Plant Ecology

, Volume 205, Issue 1, pp 23–46

Population ecology of yew (Taxus baccata L.) in the Central Apennines: spatial patterns and their relevance for conservation strategies

  • Gianluca Piovesan
  • Emanuele Presutti Saba
  • Franco Biondi
  • Alfredo Alessandrini
  • Alfredo Di Filippo
  • Bartolomeo Schirone
Article

DOI: 10.1007/s11258-009-9596-1

Cite this article as:
Piovesan, G., Presutti Saba, E., Biondi, F. et al. Plant Ecol (2009) 205: 23. doi:10.1007/s11258-009-9596-1

Abstract

Understanding the ecological mechanisms that allow a species to transition from an occasional understory component to the dominant type in the forest canopy is essential for predicting future shifts in the distribution of species. We investigated this issue with regard to yew, also because mature yew trees have been reported to inhibit self-regeneration and seedling survival, prompting concerns for the long-term preservation of the species. Our objectives were (a) to quantify spatial patterns of yew (Taxus baccata L.) populations near the southern limit of the species’ ecological distribution, (b) to determine the relationships between yew presence and topographic gradients, and (c) to answer the question of how yew regeneration is affected by such patterns and relationships. We analyzed three extensive yew populations (90–165 ha, including 3–12 thousand established individuals) that mostly occupy the understory of beech forests located in protected areas of the central Apennines (Italy). Overall, the realized niche of yew (either as established trees, saplings, or seedlings) followed the expected bell-shaped curve of a species response to an environmental gradient. Yew was mainly found at 1,000–1,600 m elevation on mesic exposures (north and west) and intermediate slopes (30–60%). Geostatistical analysis revealed that yew occurred in patches, as shown by variogram ranges of 40–110 m for yew tree basal area and regeneration abundance. Yew regeneration over the landscape was directly related to basal area of yew trees. At local scales (~10 m), presence of established trees favored regeneration in relatively less developed stands, whereas high density of mature yews suppressed regeneration. Healthy yew populations in beech forests had a minimum size of 0.5–3 ha. As yew density increased within these patches, regeneration dropped, so that yew conservation cannot be limited to presently occurring populations, despite the longevity and potential for vegetative reproduction of the species. Disturbance from grazing and wildfire was also found to impact yew survival. Long-term existence of yew in the Italian Apennines depends on maintaining and expanding old-growth beech forests that incorporate yew patches, and have a minimum continuous cover equivalent to a relatively undisturbed regime (10–50 ha).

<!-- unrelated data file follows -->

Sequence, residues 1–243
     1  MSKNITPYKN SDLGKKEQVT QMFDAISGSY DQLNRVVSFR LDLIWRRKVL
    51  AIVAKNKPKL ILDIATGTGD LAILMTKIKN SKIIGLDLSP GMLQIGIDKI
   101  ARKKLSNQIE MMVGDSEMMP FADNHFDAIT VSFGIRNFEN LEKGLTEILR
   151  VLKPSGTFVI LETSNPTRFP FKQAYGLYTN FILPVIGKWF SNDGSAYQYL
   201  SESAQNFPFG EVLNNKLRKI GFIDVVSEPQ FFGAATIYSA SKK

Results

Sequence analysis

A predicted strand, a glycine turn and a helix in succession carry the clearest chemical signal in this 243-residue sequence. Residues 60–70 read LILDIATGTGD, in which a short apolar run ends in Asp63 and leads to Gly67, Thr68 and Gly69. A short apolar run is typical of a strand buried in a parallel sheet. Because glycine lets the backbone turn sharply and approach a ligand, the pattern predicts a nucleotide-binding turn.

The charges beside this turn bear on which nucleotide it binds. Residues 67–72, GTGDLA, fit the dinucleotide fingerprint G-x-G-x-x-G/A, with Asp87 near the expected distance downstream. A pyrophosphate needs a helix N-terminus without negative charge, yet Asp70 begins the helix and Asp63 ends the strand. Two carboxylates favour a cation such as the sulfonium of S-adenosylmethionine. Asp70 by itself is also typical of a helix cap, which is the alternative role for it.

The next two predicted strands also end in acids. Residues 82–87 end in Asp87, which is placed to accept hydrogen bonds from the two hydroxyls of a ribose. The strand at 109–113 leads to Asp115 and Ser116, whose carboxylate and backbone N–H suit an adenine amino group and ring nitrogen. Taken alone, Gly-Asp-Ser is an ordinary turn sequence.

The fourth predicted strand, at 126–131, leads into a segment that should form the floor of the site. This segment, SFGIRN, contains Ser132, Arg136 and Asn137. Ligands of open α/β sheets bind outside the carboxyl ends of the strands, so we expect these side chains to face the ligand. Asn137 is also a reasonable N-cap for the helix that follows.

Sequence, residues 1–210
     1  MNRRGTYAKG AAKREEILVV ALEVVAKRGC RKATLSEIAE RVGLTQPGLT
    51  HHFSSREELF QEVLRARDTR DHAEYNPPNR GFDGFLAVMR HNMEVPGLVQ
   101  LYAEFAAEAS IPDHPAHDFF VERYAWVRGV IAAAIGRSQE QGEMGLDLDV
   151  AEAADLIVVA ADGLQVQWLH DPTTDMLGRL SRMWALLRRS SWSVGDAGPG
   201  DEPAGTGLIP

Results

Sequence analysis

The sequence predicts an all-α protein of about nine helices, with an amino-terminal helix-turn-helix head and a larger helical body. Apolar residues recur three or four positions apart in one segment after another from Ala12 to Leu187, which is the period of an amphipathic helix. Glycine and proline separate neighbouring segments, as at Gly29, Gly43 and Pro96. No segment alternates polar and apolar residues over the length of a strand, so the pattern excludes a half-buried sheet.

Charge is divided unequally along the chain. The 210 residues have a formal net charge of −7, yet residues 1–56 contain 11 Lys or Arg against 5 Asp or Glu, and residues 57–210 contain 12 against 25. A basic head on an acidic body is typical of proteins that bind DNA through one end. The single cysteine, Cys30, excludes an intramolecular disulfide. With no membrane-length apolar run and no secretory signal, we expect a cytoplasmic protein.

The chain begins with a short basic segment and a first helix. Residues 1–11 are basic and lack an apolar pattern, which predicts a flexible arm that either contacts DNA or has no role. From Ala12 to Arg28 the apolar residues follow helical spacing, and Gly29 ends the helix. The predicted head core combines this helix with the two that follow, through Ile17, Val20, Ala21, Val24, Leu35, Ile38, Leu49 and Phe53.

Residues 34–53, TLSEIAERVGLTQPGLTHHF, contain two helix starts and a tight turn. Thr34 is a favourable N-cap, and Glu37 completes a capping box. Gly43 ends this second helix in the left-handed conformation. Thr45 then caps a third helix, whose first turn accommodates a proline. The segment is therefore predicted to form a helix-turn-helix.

Keywords

Geostatistics Gradient analysis Conservation biology Population structure Forest health Forest regeneration Yew 

Supplementary material

11258_2009_9596_MOESM1_ESM.pdf (502 kb)
Supplementary material 1 (PDF 502 kb)

Copyright information

© Springer Science+Business Media B.V. 2009

Authors and Affiliations

  • Gianluca Piovesan
    • 1
  • Emanuele Presutti Saba
    • 1
  • Franco Biondi
    • 2
  • Alfredo Alessandrini
    • 1
  • Alfredo Di Filippo
    • 1
  • Bartolomeo Schirone
    • 1
  1. 1.Dendrology Lab, Department of Environment and Forests (DAF)University of TusciaViterboItaly
  2. 2.DendroLab, Department of Geography, MS 154University of Nevada, RenoRenoUSA

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